Told from both Japanese and American perspectives, this thrilling account of the final weeks of World War II in the Pacific has been heralded by the New York Times Book Review as "virtually faultless".
By midsummer 1945, Japan had long since lost the war in the Pacific. The people were not told the truth, and neither was the emperor. Japanese generals, admirals, and statesmen knew, but only a handful of leaders were willing to accept defeat. Most were bent on fighting the Allies until the last Japanese soldier died and the last city burned to the ground.
Exhaustively researched and vividly told, The Fall of Japan masterfully chronicles the dramatic events that brought an end to the Pacific War and forced a once-mighty military nation to surrender unconditionally. From the ferocious fighting on Okinawa to the all-but-impossible mission to drop the second atom bomb, and from Franklin D. Roosevelt's White House to the Tokyo bunker where tearful Japanese leaders first told the emperor the truth, William Craig captures the pivotal events of the war with spellbinding authority. The Fall of Japan brings to life both celebrated and lesser-known historical figures, including Admiral Takijiro Onishi, the brash commander who drew up the Yamamoto plan for the attack on Pearl Harbor and inspired the death cult of kamikaze pilots. This astonishing account ranks alongside Cornelius Ryan's The Longest Day and John Toland's The Rising Sun as a masterpiece of World War II history.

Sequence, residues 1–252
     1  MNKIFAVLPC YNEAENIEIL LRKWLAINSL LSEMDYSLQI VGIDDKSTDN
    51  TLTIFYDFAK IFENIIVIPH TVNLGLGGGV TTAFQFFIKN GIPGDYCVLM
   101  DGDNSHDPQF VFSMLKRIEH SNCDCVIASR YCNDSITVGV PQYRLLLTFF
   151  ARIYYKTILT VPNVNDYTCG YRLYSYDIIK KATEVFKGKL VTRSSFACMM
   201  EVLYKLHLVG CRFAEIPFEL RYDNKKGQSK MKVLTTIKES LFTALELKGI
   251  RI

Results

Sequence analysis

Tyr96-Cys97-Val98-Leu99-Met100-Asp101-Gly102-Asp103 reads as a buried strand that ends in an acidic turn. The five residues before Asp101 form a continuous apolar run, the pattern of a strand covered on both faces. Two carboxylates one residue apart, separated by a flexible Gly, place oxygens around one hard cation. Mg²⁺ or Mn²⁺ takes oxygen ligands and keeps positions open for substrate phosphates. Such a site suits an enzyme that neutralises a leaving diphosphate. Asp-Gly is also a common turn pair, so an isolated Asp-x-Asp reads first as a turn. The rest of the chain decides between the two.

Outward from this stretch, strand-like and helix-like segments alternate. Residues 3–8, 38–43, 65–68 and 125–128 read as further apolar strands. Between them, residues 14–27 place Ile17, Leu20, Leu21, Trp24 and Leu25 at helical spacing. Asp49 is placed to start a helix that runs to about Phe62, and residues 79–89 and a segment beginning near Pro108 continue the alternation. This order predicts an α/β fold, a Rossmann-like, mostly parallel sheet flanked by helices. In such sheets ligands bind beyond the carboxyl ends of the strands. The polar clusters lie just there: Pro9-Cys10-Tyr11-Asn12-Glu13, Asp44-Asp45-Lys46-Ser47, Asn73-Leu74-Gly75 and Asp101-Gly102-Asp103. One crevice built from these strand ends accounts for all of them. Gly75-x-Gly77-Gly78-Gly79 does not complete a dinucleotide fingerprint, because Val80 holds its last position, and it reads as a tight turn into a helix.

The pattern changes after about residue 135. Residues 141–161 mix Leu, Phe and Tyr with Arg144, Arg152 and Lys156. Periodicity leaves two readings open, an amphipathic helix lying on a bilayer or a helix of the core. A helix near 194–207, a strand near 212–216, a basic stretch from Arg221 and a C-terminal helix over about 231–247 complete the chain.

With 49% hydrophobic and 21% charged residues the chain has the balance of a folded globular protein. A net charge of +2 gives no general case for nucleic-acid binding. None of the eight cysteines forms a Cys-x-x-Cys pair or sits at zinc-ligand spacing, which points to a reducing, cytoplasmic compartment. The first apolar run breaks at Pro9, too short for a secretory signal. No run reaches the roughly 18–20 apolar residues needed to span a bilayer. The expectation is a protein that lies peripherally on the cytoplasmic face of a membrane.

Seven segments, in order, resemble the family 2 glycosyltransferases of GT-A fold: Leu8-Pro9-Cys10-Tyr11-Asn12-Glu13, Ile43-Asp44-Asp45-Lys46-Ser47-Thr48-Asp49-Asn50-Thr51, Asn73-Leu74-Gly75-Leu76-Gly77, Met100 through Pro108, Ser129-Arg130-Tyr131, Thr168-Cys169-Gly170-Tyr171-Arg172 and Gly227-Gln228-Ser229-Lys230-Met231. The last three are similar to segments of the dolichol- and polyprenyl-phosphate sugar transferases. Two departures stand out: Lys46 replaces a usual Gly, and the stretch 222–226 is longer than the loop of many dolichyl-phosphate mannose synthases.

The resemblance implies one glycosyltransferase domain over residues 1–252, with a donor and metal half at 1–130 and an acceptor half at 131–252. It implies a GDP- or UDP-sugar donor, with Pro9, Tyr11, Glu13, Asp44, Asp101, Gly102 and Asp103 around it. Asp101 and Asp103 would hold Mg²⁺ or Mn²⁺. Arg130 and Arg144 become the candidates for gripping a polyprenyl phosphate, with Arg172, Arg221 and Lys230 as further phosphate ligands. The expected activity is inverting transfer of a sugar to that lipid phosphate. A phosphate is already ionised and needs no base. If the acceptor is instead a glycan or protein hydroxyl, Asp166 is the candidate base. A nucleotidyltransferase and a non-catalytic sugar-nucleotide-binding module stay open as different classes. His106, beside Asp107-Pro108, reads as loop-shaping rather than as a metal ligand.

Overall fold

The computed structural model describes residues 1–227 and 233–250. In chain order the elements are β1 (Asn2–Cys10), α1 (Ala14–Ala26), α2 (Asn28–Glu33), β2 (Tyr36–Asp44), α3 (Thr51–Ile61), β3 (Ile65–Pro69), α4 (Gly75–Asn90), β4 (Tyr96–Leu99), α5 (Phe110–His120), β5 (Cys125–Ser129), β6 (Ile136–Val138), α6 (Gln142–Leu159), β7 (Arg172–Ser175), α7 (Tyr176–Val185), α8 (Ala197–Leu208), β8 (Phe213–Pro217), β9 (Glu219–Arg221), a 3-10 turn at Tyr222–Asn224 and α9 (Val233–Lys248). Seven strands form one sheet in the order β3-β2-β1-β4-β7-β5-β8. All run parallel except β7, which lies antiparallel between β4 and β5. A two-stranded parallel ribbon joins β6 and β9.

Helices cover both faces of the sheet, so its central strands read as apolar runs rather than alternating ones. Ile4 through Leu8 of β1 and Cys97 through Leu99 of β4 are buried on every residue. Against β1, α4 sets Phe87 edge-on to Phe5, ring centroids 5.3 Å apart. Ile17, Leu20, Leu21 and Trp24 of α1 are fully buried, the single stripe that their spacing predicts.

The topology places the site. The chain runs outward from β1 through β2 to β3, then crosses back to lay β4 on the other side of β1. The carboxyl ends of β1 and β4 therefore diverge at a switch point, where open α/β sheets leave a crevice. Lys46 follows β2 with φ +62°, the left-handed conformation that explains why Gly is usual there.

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Superbly written history
- Saman "I am a lover of history and the fantastic tales of human achievement (or folly). Sometimes, a grand author captures my imagination."
Great story; rather pro-Japanese slant
Reads like a gripping novel. Well paced.
Anything by Corneluis Ryan.
When the American advance team stumble/crashes into Japan.
Even a rising sun must set.
I believe this book was written in the 1960s, and reflects some of the biases of the time. It downplays the extent of Japanese atrocities, and almost venerates Hirohito, All in all, a magnificent read though.
- Lord Emsworth